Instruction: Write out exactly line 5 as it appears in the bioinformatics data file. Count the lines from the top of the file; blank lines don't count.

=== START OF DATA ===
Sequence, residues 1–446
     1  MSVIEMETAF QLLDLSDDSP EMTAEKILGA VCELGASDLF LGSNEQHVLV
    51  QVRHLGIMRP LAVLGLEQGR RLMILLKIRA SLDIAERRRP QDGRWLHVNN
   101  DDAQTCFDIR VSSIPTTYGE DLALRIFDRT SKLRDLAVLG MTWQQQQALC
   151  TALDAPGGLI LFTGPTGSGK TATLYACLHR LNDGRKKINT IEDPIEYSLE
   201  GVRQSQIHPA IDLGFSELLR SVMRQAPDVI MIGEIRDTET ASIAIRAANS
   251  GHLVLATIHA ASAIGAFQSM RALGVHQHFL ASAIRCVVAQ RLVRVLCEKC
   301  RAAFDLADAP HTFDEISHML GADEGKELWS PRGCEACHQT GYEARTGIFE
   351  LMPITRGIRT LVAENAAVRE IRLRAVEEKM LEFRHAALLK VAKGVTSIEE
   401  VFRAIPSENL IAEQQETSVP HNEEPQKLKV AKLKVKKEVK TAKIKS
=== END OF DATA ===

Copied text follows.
   151  TALDAPGGLI LFTGPTGSGK TATLYACLHR LNDGRKKINT IEDPIEYSLE